Complex nerve-cell signaling traced back to common ancestor of humans and sea anemones
New research shows that a burst of evolutionary innovation in the genes responsible for electrical communication among nerve cells in our brains occurred over 600 million years ago in a common ancestor of humans and the sea anemone. The research, led by Timothy Jegla, an assistant professor of biology at Penn State University, shows that many of these genes, which when mutated in humans can lead to neurological disease, first evolved in the common ancestor of people and a group of animals called cnidarians, which includes jellyfish, coral, and sea anemones. A paper describing the research is scheduled to be posted online in the Early Edition (EE) of the journal Proceedings of the National Academy of Sciences of the United States of America sometime during the week beginning February 16, 2015.
"Our research group has been discovering evidence for a long time that most major signaling systems in our neurons are ancient, but we never really knew when they first appeared," Jegla said. "We had always assumed that we would be able to trace most of these signaling systems to the earliest nervous systems, but in this paper we show that this is not the case. It looks like the majority of these signaling systems first appear in the common ancestor that humans share with jellyfish and sea anemones."
Electrical impulses in nerve cells are generated by charged molecules known as ions moving into and out of the cell through highly specialized ion-channel proteins that form openings in the cell membrane. The new research focuses on the functional evolution of the genes that encode the proteins for potassium channels -- ion channels that allow potassium to flow out of nerve cells, stopping the cell's electrical impulses. "The channels are critical for determining how a nerve cell fires electrical signals," said Jegla. "It appears that animals such as sea anemones and jellyfish are using the same channels that shape electrical signals in our brains in essentially the same way."
"Humans and sea anemones went their separate ways evolutionarily speaking roughly 600 million years ago," said Jegla, "so we know that the mechanisms we use to generate impulses in our neurons must be at least that old." The team then tried to trace these channels back even further in evolutionary time -- to the very origins of the nervous system. "One of the exciting recent findings in evolutionary biology is that the nervous system might be much older than the ancestor of sea anemones and humans," Jegla said. Recent genome sequences from comb jellies, which also have nervous systems, show that they are a more ancient group of animals than sea anemones and might even be the oldest type of animals that are still living today. "When we looked at comb jellies, we found that the potassium channels looked very different -- most of the channel types found in humans were missing," said Jegla. "We could trace only one kind of the human potassium channels that we looked at all the way back to comb jellies, but we find almost all of them in sea anemones."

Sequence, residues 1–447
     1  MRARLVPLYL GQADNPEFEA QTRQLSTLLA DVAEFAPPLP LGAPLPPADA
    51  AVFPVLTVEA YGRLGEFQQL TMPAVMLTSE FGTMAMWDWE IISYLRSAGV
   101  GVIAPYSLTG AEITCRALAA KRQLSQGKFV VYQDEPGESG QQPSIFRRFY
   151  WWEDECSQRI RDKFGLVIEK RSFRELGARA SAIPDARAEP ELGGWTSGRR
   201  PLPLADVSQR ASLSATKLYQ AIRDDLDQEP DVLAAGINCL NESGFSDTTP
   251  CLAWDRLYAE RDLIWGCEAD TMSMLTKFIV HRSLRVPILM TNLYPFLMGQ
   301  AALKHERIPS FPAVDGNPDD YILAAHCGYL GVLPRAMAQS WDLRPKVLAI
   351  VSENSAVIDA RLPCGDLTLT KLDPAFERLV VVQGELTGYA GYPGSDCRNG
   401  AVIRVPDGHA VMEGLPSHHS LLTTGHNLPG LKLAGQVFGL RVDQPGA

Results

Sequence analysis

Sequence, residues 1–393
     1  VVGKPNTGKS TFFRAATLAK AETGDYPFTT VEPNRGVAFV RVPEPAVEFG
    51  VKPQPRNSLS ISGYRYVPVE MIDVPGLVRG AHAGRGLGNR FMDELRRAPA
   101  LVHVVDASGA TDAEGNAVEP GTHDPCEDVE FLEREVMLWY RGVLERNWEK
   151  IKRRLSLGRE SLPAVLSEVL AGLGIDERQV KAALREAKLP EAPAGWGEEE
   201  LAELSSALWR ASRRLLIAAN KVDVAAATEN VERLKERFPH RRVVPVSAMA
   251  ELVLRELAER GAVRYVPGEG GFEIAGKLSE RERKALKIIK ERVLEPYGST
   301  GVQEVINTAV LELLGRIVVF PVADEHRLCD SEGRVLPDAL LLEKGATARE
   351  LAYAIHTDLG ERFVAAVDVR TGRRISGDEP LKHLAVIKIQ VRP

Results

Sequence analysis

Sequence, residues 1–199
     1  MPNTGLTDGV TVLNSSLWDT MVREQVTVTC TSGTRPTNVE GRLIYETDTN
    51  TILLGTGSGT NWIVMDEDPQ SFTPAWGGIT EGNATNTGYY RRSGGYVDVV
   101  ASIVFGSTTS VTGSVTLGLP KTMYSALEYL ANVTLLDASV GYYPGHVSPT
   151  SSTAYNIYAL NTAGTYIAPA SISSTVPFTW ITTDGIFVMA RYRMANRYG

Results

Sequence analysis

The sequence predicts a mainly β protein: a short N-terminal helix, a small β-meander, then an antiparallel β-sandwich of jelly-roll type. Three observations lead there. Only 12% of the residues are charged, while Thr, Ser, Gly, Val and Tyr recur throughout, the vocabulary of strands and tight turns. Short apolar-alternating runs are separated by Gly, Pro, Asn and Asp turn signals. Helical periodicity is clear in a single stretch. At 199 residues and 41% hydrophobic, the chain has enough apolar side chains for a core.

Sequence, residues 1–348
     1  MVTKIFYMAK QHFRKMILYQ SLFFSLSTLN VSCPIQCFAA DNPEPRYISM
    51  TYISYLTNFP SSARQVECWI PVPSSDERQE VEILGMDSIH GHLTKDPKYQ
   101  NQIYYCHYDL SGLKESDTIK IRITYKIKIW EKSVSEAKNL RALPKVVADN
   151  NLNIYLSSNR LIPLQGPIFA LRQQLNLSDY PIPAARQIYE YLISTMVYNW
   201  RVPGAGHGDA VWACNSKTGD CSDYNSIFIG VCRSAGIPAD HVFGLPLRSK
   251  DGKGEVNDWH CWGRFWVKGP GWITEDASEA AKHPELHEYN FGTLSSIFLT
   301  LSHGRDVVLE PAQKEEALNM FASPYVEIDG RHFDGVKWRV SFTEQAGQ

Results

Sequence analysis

The implication is that many of the mechanisms we use to control electrical impulses in our neurons were not present in the earliest nervous systems. The team did find many different potassium channels in comb jellies, but they appear to have evolved independently after the comb jelly lineage split from that of our ancestors. "We don't know how complex electrical signaling is in living comb jellies, but it probably wasn't very complex in our common ancestor," said Jegla. The team now is interested in figuring out what drove the burst of innovation in ion channels in our common ancestor with sea anemones.
"We don't yet understand why our ion channels evolved at that time, but the changes in the ability of nerve cells to generate electrical signals must have been revolutionary," said Jegla. "Our current favorite hypothesis is that neurons capable of directional signaling might have evolved at this time." In human nervous systems, most nerve cells have a polar structure with separate regions for inputs and outputs. This allows for directional information flow and highly complex circuits of nerve cells, but it requires a huge diversity of ion channels to shape the electrical signals as they pass through the polar nerve cells. "If our hypothesis turns out to be correct, we may be able to gain some important insights into how nerve cells and circuits evolved by studying sea anemones," said Jegla. "There is a lot that remains to be discovered about how we build polar neurons, and we can use evolution to point out the really important mechanisms that have been conserved through animal history."
In addition to Jegla, the research team at Penn State includes graduate students Xiaofan Li, Hansi Liu, and Bishoy Hanna; undergraduate students Fortunay Diatta, Sarah Rhodes, Liana Trigg, Jessica Sassic, and Jose Chu-Luo; Research Associate Damian van Rossum; and Associate Professor of Biology Monica Medina. Professor Mark Q. Martindale and Graduate Student David Simmons from the Whitney Laboratory for Marine Bioscience at the University of Florida and Research Associate Andriy Anishkin at the University of Maryland, also contributed to the study.
Timothy Jegla: firstname.lastname@example.org, 814-865-1668
Barbara Kennedy (PIO): email@example.com, 814-863-4682